I absconded completely from Facebook from the Dormition of the Theotokos Feast (August 15) until the Ecclesiastical New Year (September 1). Since then, I have made only one general post and posted a blog article and haven’t spent any time scrolling, checking for “likes”, and the only places where I have shared my post are on the 2 pages I directly moderate (All Saints West Point, Fellowship of St. Moses the Black/VA Chapter) and the Fellowship of St. Moses Page where I develop content.
Facebook was the only social media platform I was very active on. I rarely use Linked-in and never use Twitter. Instagram and Tik Tok seem weird to me, so I never signed up for them. I liked finding links to various “Cosby Show” videos and stuff from old school hip-hop groups on Facebook. Some of the platform’s comedies were okay and I liked a couple of the more recent music groups as well. I quickly scrolled past post on my “News Feed” that I didn’t like and would “like” some comments and memes. I did waste a few minutes a day at work on Facebook and throw away hours on it at home. Heck, at least it wasn’t porn or violent games. As long as it didn’t interfere with my job or marriage, I didn’t see a reason to even fast from my social media habit, especially after keeping the Dormition fast.
Sunday, August 14th, our Subdeacon at St. Basil, Charley Stayton, gave me a copy of “Prayers of the Desert.” I was especially excited to find the Rule of St. Pachomius, of the the great African Desert Fathers. While standing at the altar during liturgy, I began to think about how those ancient monastics lived apart from all the hub-bub of worldly society. These men and women were completely devoted to struggling against their own sins, obtaining holy virtues, and becoming one with God. Except for selling a few handicrafts to buy bread, the Desert Fathers didn’t entangle themselves in the cares and worries of society. It is impractical for me to leave my wife and life and live in a cave near Aswan, Egypt. Except for my Compline (prayers at bedtime), I kept a very consistent prayer rule. One thing that I could do for a while was to leave social media alone for a while.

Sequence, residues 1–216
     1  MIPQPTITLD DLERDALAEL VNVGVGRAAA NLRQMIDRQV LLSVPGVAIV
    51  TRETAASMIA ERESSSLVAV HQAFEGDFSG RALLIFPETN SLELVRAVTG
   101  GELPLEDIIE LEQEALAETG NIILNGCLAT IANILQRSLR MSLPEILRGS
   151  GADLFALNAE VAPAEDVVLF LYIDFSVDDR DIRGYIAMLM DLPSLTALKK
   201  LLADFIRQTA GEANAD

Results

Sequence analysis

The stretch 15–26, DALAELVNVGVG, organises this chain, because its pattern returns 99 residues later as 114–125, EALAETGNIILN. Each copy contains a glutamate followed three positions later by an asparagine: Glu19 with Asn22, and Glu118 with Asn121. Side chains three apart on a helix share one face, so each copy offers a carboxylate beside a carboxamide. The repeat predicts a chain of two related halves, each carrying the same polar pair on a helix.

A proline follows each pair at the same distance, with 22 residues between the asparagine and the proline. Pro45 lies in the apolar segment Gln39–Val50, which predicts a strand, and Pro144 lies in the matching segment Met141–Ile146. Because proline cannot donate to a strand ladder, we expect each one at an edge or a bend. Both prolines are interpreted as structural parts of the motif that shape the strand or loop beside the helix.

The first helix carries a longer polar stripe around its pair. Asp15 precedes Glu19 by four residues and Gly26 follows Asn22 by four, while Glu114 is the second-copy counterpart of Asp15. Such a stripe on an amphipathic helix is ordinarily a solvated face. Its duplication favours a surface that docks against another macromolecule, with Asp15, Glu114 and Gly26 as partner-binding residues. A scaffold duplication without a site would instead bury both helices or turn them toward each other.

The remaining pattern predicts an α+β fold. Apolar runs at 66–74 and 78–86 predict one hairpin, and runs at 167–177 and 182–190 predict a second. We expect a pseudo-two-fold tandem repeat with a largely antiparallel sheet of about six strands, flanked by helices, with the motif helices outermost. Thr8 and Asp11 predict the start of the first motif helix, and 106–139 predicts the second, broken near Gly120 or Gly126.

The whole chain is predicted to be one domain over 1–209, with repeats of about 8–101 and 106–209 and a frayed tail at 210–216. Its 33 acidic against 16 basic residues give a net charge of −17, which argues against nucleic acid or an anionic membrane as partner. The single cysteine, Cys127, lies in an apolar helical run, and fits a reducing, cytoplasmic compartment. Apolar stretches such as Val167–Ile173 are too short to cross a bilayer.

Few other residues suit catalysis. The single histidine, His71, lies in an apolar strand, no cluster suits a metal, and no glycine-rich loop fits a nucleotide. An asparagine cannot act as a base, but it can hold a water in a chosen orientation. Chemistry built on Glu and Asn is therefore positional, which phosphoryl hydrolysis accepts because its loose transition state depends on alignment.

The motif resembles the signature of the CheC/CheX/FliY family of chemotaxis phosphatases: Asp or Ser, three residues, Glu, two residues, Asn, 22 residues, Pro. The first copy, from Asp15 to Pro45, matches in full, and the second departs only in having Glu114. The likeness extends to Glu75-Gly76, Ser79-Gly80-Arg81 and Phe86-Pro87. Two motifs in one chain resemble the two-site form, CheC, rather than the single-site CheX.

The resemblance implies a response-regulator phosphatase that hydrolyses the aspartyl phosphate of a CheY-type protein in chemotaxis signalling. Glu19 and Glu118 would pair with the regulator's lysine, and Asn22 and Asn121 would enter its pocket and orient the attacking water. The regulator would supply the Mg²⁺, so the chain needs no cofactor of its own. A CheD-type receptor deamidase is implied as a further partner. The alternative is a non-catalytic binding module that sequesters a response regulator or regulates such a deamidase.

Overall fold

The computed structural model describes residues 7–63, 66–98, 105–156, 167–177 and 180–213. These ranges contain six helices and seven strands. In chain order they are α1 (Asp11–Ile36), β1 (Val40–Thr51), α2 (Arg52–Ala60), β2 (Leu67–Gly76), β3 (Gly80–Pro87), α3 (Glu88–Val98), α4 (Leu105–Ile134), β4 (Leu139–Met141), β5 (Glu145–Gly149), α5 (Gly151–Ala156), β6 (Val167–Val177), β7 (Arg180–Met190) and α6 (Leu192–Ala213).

Not spending time on Facebook paid off almost immediate dividends. With my new teaching position with the St. Athanasius Academy, I had extra minutes to review my lesson plans. I got a little more done at work, and felt more compassionate to my wife and others. I even developed and kept a regular Compline prayer. The Apostle Paul warned about busybodies in the Church (2 Thessalonians 3:11). Avoiding Facebook altogether freed me to handle my own affairs and spirit rather than getting upset about people’s political opinions, or congratulating myself on how many people liked my latest blog article.
There are probably plenty of people who use social media wisely, not wasting hours on mindless scrolling and silly arguing with people they never met personally. Unfortunately, I was not one of them. I needed to leave the platform cold turkey and let my soul heal from visible and invisible wounds. I didn’t know I had them until I gave up Facebook. The self-imposed fast has removed scales from my eyes and allowed me to see things more clearly.